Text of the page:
As it applies to China, the aforementioned Journal article featured a comment by a Chinese economist at HSBC who noted that in response to the rising Chinese trade "deficit", "The continuous one-sided appreciation of the yuan [vs. the dollar] has probably come to an end." If so, what a mistake.

That's the case because it's the rising value of the yuan that is surely a factor in the increased investment inflows to the country. Once again, investors are buying future income streams, and if the Chinese seek to mimic devaluationist monetary authorities in the U.S., this will show up in reduced investment, a bearish signal, and reduced trade "deficits", yet another bearish signal.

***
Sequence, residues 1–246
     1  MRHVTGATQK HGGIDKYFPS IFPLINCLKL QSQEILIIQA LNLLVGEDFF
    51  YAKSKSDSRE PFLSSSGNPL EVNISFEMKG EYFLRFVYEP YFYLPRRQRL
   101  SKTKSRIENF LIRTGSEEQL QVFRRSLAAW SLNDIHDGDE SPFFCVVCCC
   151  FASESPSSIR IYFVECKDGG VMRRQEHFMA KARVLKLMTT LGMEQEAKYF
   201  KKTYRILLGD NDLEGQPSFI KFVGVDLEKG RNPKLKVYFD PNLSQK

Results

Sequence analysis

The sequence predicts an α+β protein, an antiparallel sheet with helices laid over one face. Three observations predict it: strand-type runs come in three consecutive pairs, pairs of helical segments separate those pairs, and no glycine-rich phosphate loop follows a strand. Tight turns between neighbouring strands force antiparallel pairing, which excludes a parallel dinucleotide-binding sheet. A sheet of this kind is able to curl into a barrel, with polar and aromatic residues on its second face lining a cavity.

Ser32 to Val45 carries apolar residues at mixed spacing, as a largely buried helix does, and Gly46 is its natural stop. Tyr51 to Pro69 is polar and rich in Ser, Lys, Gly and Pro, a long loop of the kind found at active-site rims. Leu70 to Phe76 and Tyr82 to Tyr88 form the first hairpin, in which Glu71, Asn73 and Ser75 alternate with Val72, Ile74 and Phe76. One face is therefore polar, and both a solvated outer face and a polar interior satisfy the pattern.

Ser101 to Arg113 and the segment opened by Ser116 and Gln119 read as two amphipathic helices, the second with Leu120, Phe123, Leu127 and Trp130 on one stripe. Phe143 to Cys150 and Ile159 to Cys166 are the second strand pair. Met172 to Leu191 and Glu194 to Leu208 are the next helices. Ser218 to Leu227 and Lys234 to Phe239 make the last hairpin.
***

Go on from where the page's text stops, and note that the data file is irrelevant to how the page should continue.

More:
Here's hoping Chinese economic authorities don't fall captive to the absurd, and wildly discredited view that trade "deficits" are economic negatives. Instead, they should recognize that these accounting abstractions are a signal of rising capital inflows to the country in question; the latter the reward for productive economic activity.

John Tamny is editor of RealClearMarkets, Political Economy editor at Forbes, a Senior Fellow in Economics at Reason Foundation, and a senior economic adviser to Toreador Research and Trading ( He's the author of Who Needs the Fed?: What Taylor Swift, Uber and Robots Tell Us About Money, Credit, and Why We Should Abolish America's Central Bank (Encounter Books, 2016), along with Popular Economics: What the Rolling Stones, Downton Abbey, and LeBron James Can Teach You About Economics (Regnery, 2015).